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Interview with Jane Kamensky, 2016 SHEAR James Bradford Biography Prize

book coverJane Kamensky is Professor of History at Harvard University and Pforzheimer Foundation Director of the Schlesinger Library on the History of Women in America at the Radcliffe Institute for Advanced Study. In addition to winning the 2016 James Bradford Biography Prize from SHEAR, A Revolution in Color: The World of John Singleton Copley (2016) was awarded the New-York Historical Society’s Barbara and David Zalaznick Book Prize in American History and the Annibel Jenkins Biography Prize of the American Society for Eighteenth-Century Studies. It was also a finalist for PEN’s Jacqueline Bograd Weld Award for Biography, the Marfield Prize for Arts Writing, and the George Washington Book Prize.

The Republic (TR): For those who haven’t read your book, would you please provide a synopsis?

Jane Kamensky (JK): A Revolution in Color tells an off-kilter story of British America in the age of the American Revolution through the biography of the New England-born painter John Singleton Copley. Born on the eve of King George’s War, Copley came of age in a thoroughly British Boston, with streets named Queen and King, and book stores and coffee houses touting the latest news from London. He identified thoroughly with an imperial imaginary, dreaming of a world in color an ocean away. When Boston grew heated over taxes in the 1760s, he identified as a Son of British Liberty, and hoped for a return of the status quo ante. He painted men and women on all sides of the conflict–Paul Revere and Thomas Gage, Samuel Adams and Francis Bernard–who doubtless gave him an earful while they sat for their portraits. But when shouting turned to shooting, he, like Melville’s Bartleby, simply preferred not to. Copley’s life and work make visible, literally visible, the viewpoints of that large group of early Americans whose preferred side in Britain’s American War was neither. As Yeats would say of another revolutionary conflict more than a century later, he thought “the worst [were] full of passionate intensity.” He himself lacked political conviction, focusing his own intensity on art and family strategy rather than matters of nation or party. His rise and fall show both the terrors of revolutionary fervor, and the costs of passivity in an age where people insisted on forging their own destinies. Like the Revolution itself, it’s a very ambivalent story.

TR: I would venture to say that many Americans have never heard of John Singleton Copley. What led you to choose him as the subject for this book?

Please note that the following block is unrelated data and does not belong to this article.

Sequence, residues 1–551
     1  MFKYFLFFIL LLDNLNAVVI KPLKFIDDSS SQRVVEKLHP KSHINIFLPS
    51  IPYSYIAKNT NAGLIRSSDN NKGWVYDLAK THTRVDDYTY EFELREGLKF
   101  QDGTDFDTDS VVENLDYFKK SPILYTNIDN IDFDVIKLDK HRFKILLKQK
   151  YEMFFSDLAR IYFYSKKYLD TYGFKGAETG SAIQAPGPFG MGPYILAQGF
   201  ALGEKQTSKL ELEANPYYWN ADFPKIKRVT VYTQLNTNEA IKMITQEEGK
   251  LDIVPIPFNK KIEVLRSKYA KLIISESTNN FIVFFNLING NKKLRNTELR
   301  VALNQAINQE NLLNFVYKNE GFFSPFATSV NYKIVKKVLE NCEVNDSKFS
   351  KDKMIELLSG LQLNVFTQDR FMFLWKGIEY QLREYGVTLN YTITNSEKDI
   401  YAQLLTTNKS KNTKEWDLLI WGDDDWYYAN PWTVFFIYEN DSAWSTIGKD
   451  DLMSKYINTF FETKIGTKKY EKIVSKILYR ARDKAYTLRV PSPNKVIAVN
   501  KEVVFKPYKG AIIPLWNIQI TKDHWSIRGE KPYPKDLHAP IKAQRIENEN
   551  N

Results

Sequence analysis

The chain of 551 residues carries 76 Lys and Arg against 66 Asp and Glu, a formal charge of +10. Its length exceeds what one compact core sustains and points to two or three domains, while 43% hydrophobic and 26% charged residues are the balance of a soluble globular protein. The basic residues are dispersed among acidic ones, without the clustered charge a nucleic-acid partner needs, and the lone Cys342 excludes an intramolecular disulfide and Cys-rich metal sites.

JK: If they haven’t heard of Copley, they’ve seen his work. His Paul Revere is surely the second most famous face of revolutionary America, and we see a version of it every time we hoist a bottle of Sam Adams lager. And of course, Bostonians know Copley as written into the very landscape of the city: Copley Square, the Fairmont Copley Hotel, Copley T station. But the irony is, Copley’s life doesn’t support his use in contemporary culture, which follows a kind of New England nationalism. That gap was interesting to me. Plus, the evidence is very rich: in addition to his dazzling painted work, Copley and his kin left hundreds of letters, which is true for very few artists. Those letters allowed a muddled, middling character to emerge from the swirl of events in the age of revolution. Like a Copley portrait, he’s a well mottled character. We have too few of those in the literature of revolutionary heroes and villains.

TR: In 2008, your novel Blindspot, co-written with Jill Lepore, was published. How does writing a historical novel differ from writing non-fiction? Do you think that experience influenced your writing of A Revolution in Color?

JK: Blindspot actually introduced me to Copley’s letters; Fanny Easton, the protagonist I wrote for that novel, is based in many ways on Copley. Writing a novel was a wonderful chance to think about the past in sensory and affective terms. Writing history is a more distant enterprise in many ways, but Blindspot taught me fresh ways to seek the story, and to think about reading the past forward, and from the inside out.

TR: What is your current/next project?

JK: I’m working on another biography of an artist in an age of revolution: the feminist pornographer Candida Royalle (1950-2015). It’s a departure in many ways, but has surprising continuities as well. I’m still living part-time in the eighteenth century, via a number of teaching and writing projects.